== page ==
We find them growing in fields, on parks, lawns, even between our toes, but most of us commonly associate fungi with woodland habitats. At this time of year, our forests are positively bulging with them.  Far from the view of their mushroom and toadstool fruiting bodies, their mycelial root system of thread-like hyphae are crucial for breaking down fallen leaf litter and decaying dead wood, returning once living matter to the soil. Some, like the Armillaria or Honey Fungus, are less beneficial, parasitising living trees, stunting their growth and even killing them outright. Others however, play a much more crucial role in our woodland ecosystems. These are the mycorrhizal species.

The term mycorrhiza comes from the Greek words “mykos” for fungus and “rhiza” for root, and describes the types of fungi that form symbiotic relationships with plants. Those that penetrate plant root cells are called endomycorrhizal or arbuscular mycorrhizal fungi. Read more...

"Action Oak" - should oak tree research be funded by DEFRA or by charity appeal?

“Action Oak” – should oak tree research be funded by DEFRA or by charity appeal?

by Angus ~ 31 October, 2017 ~ one comment

Oak trees are under threat through disease and climate change and it will cost serious money to research causes and solutions.  This could be paid for either through general taxation or by an appeal for charitable donations with help from high profile people such as celebrities and the Royal family.  The rate of required spending on oak disease is increasing.  It is proposed to set up an "Action Oak" charity appeal spearheaded by Woodland Heritage - an organisation based in Haslemere just 10 miles from the Forestry Commission's research arm at Alice Holt in Surrey.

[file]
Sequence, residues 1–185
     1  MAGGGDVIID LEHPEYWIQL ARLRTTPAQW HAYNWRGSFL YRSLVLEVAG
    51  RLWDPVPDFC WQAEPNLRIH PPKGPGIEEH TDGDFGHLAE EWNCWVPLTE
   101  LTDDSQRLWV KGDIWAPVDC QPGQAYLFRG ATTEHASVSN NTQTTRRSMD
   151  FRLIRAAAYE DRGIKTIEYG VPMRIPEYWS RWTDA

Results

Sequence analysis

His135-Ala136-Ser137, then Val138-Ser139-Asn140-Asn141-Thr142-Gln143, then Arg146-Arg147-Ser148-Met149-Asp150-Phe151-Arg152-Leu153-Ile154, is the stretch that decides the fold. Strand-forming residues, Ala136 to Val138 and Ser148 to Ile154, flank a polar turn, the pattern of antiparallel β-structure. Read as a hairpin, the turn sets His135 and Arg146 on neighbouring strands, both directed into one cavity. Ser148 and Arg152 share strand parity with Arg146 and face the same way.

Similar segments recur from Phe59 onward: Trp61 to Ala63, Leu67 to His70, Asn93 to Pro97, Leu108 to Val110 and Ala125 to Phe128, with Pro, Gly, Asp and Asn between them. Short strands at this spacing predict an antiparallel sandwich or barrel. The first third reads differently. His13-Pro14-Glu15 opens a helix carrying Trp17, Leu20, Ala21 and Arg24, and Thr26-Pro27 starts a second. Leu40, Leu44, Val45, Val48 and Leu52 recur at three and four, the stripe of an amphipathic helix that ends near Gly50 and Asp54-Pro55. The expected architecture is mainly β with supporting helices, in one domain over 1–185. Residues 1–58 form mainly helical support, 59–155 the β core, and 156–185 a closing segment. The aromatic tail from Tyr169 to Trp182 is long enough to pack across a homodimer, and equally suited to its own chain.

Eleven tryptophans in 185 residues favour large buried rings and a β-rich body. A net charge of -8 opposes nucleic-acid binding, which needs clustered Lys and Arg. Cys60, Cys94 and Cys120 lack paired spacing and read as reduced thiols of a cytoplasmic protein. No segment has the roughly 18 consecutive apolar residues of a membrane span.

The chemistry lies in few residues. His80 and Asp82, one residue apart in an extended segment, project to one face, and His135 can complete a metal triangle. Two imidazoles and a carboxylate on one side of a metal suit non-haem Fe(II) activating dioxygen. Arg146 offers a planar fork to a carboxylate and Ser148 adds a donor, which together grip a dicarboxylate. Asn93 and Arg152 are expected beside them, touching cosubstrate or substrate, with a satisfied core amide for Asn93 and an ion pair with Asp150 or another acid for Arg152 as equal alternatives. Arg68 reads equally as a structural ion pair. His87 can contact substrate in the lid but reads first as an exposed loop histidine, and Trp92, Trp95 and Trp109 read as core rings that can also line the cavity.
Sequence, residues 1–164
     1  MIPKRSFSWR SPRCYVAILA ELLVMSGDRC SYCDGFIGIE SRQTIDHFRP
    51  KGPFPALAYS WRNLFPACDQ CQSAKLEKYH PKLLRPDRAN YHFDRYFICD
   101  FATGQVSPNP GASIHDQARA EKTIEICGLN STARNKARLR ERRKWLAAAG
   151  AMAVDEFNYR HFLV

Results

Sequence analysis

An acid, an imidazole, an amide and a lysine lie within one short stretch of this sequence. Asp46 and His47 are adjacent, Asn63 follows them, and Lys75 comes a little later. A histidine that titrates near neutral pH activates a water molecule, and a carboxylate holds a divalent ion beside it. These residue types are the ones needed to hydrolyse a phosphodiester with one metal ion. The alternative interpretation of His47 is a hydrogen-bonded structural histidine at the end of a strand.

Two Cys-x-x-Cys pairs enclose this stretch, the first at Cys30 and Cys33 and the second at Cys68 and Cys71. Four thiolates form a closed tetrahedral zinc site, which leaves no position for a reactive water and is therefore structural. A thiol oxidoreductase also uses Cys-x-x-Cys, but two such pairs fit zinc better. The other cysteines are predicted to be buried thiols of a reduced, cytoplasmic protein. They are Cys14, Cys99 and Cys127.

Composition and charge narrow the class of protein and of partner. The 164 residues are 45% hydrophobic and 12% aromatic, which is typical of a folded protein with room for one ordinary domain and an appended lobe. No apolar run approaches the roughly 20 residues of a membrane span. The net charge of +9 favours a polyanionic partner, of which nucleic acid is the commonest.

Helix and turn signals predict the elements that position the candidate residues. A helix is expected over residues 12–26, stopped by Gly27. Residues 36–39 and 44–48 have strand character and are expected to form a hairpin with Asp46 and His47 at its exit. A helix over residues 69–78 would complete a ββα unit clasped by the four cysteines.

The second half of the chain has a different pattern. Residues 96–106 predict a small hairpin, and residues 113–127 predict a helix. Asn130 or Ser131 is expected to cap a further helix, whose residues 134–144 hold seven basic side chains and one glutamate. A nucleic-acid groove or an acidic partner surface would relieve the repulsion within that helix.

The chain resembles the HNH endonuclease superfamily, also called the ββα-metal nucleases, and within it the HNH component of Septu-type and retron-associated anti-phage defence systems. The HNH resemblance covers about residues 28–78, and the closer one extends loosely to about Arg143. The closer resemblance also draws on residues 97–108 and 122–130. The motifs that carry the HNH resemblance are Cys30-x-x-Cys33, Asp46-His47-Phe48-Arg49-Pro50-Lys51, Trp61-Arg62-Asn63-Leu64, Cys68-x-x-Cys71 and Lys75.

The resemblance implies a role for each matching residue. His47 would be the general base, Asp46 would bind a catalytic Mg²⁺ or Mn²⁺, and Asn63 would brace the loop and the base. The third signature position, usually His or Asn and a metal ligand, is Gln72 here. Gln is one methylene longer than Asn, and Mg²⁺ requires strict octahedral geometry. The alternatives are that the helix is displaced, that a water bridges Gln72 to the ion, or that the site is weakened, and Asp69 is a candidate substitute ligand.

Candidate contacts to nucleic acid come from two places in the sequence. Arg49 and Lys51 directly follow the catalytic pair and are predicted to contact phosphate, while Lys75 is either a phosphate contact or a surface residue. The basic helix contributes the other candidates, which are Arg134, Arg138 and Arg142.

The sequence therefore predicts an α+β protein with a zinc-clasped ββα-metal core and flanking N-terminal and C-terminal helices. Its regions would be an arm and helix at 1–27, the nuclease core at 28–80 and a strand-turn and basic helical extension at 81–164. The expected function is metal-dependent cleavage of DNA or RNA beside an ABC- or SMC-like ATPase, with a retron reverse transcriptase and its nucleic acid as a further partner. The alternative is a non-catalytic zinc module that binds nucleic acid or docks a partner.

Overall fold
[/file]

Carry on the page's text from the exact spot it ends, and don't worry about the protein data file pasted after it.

Many people will wonder why the government isn't doing more directly through DEFRA Read more...

Oak, Ash and Thorn - new woodlands book by Peter Fiennes

Oak, Ash and Thorn – new woodlands book by Peter Fiennes

by Angus ~ 29 October, 2017 ~ one comment

Peter Fiennes immersed himself in British woodlands for a year and he dug out every literary reference to woodlands that he could and visited dozens of woodlands to appreciate their magic.  The result is an erudite and inspiring tome that is also a cry for help to preserve any ancient woodland that we haven't already destroyed. "Sell everything! Protect the land!" exclaims Peter.  He outlines a five-page action plan to protect British Woodlands which he also describes as a statement of the "bleeding obvious", including creation of more woods and visiting the woods more often.  When he joins one of the Woodland Trust's campaigns to protect an ancient woodland near Sheffield from development he becomes apoplectic: "An ancient wood for a service station.  What sort of sick exchange is that?" Read more...

What the bees see .......

What the bees see …….

by Chris ~ 25 October, 2017 ~ one comment

Flower-visiting insects evolved in the Cretaceous Period (about 100 million years ago) -  a time when the major flower groups (Monocotyledons and Dicotyledons) came into being.  Flowers have a number of “ploys’ to encourage pollinators to visit them - for example, by their colour, scent, reflectance, size, outline, temperature, motion and nectar guides. The latter are markings or patterns on the petals and floral parts to guide bees, bumblebees or other pollinators towards the nectar and to encourage pollination.  This link (click here) shows how a flower might appear to a bee or butterfly - due their sensitivity to U.V light. Read more...